Under current law in Mississippi, only at schools with subpar ratings for three consecutive years — and only at the requests of parents — can charter organizations move in and take control, writes Jeff Amy at the Associated Press.
So far no school in the state has been chartered under those rules. But advocates want to change the law, and many can see it happening. As Amy writes:
"For many of the people most involved in the debate over charter schools, the question is not whether Mississippi will get a new charter school law, but what the law will look like."
This certainty is because Republicans, having gained control of both houses of the Legislature and holding the governor's office, are keen to loosen the state's current law.
"If public charter schools give a child yet another opportunity to succeed, we all will be better in Mississippi," Gov.-elect Phil Bryant said in a statement.
"We can't afford to wait."
But critics still hold by the fact that many studies – such as the 2009 research from Stanford University – show that charter school academic results nationwide are not better than regular public schools, and, in some cases, students learned less in the typical charter school than peers in traditional public schools.
Democrat senator David Jordan believes more funding for prekindergarten programs as a better way of attacking educational deficiencies.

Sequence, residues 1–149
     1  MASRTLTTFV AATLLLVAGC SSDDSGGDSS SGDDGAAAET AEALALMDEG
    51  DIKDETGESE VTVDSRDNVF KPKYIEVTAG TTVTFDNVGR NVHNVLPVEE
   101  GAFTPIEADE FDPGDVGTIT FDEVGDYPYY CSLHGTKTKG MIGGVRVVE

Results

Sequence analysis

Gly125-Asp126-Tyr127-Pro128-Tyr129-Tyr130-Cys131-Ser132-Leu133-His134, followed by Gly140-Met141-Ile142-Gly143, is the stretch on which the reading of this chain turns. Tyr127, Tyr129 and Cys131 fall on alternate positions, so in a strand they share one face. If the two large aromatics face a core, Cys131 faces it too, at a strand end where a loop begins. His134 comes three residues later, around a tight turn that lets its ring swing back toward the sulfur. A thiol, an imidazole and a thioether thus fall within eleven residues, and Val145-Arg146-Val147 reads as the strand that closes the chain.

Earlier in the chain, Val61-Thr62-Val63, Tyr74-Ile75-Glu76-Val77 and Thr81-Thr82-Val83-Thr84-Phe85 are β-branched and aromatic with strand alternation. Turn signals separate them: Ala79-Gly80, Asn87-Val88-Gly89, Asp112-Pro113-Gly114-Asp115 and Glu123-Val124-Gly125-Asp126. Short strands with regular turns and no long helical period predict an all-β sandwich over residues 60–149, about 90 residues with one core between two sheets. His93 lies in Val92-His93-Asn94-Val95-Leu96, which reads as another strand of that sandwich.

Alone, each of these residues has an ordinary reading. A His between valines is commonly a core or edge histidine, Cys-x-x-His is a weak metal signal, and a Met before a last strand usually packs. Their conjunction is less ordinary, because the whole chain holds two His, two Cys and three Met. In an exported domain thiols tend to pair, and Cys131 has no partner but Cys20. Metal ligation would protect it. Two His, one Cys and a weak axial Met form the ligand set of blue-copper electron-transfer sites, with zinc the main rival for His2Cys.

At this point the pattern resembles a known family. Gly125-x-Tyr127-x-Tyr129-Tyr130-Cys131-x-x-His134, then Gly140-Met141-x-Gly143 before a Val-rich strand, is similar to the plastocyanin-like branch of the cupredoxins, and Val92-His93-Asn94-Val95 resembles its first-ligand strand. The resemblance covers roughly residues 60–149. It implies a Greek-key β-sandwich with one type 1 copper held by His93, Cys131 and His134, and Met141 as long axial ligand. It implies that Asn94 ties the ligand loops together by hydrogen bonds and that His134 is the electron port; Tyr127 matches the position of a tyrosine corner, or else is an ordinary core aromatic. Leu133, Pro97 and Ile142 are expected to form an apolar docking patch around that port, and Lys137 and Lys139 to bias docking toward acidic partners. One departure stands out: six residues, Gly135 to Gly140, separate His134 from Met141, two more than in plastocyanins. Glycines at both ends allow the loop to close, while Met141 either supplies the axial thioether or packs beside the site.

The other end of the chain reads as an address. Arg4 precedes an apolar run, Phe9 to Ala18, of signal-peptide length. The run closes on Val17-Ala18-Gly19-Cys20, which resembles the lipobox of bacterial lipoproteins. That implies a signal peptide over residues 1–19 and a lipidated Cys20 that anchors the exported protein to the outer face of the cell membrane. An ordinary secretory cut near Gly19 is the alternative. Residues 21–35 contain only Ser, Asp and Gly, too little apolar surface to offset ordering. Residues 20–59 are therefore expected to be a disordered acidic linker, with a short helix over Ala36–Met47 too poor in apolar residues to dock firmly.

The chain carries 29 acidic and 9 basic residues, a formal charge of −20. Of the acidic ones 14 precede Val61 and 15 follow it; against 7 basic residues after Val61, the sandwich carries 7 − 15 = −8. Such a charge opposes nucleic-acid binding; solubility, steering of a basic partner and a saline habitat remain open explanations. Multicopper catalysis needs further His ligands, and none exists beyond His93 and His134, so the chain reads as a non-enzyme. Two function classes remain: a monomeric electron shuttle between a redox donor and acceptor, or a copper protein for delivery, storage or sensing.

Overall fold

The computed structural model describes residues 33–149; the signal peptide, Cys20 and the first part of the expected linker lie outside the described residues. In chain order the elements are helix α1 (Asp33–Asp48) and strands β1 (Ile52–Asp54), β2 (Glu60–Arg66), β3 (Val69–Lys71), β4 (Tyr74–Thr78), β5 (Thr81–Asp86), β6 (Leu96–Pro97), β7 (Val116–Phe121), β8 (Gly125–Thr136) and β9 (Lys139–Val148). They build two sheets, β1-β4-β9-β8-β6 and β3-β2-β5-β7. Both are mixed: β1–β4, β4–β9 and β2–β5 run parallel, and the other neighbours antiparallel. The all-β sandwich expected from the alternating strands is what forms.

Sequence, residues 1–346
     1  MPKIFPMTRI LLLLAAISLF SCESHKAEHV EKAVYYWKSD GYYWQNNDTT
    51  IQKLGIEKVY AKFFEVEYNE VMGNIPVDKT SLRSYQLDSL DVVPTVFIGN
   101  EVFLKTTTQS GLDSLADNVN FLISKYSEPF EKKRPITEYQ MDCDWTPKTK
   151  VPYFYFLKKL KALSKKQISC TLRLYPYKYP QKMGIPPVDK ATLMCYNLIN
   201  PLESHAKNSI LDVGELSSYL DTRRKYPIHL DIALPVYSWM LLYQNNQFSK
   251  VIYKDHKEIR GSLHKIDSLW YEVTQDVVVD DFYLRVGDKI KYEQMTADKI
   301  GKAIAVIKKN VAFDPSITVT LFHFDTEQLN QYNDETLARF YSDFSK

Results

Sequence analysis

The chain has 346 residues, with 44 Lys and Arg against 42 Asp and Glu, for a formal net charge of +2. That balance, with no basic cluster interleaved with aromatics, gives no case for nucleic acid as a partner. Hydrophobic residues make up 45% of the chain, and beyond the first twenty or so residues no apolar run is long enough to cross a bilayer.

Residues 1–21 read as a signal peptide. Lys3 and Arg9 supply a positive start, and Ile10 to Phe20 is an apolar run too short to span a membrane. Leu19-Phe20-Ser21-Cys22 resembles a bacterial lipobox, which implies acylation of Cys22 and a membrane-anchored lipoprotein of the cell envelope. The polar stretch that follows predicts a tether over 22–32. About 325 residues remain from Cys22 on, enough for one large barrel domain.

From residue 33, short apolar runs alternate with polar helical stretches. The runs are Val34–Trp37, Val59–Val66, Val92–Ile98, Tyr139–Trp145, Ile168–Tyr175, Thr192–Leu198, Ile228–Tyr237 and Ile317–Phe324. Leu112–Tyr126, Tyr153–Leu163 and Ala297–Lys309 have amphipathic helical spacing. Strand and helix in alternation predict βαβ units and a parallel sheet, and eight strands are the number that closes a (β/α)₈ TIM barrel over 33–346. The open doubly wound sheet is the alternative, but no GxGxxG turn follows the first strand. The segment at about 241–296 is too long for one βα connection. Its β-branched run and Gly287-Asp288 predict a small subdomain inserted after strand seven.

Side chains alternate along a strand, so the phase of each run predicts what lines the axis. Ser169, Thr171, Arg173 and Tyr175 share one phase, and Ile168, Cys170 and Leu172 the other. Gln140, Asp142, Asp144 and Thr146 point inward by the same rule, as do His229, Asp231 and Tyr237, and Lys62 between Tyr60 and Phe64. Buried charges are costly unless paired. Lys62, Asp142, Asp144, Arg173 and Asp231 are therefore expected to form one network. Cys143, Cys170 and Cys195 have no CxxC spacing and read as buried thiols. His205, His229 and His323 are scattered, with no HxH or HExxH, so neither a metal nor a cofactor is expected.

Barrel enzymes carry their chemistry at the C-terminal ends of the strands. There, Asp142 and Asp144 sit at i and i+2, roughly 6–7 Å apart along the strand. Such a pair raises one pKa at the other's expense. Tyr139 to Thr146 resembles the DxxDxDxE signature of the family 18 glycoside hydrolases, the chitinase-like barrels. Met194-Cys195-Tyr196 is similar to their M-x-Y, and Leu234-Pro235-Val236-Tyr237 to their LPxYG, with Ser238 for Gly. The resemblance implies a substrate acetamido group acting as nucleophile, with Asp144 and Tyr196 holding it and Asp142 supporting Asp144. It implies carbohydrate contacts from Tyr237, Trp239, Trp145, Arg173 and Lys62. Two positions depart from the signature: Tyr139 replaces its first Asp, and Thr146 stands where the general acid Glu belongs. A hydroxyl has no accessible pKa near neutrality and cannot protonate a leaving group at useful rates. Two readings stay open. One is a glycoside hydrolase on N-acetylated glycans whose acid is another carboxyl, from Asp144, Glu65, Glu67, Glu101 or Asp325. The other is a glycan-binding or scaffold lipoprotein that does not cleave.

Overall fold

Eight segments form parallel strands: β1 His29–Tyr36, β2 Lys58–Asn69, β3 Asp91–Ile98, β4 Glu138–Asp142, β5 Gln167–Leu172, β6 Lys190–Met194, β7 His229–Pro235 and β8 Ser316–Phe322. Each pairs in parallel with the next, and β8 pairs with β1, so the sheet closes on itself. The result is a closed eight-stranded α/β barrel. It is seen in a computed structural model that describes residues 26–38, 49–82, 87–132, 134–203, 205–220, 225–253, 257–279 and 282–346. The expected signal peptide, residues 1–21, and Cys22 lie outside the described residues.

"I don't see where they really do any better than public schools."
But Rachel Canter, executive director of Mississippi First, pointed towards the Stanford study to say that although there are some disappointing results nationwide, it showed that charter schools in many states outperformed traditional peers.
"It matters what happens at the state level," Canter said.
The most favorable proposal to reform the current law is part of the Mississippi Economic Council's "goal-setting exercise" called Blueprint, which would allow the state to charter any school that had been rated less than "successful" for two straight years.
However, as Mississippi has no current charter organizations, they are going to have to refer to out-of-state bodies to take over these schools. Some are concerned about this, but not education reform advocate Claiborne Barksdale.
"You know you're getting a charter school that's going to be academically solid and well-run.
"They would be out-of-state entities, but so what? Toyota is an out-of-state entity, but we're mighty glad to have them."